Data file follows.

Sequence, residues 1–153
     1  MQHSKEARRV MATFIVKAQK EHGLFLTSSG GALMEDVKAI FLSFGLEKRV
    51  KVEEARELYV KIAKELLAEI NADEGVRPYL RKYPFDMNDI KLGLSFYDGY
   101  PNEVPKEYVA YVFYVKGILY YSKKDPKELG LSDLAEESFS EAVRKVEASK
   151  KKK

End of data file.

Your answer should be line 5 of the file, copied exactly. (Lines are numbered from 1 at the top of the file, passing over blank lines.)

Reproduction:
   151  KKK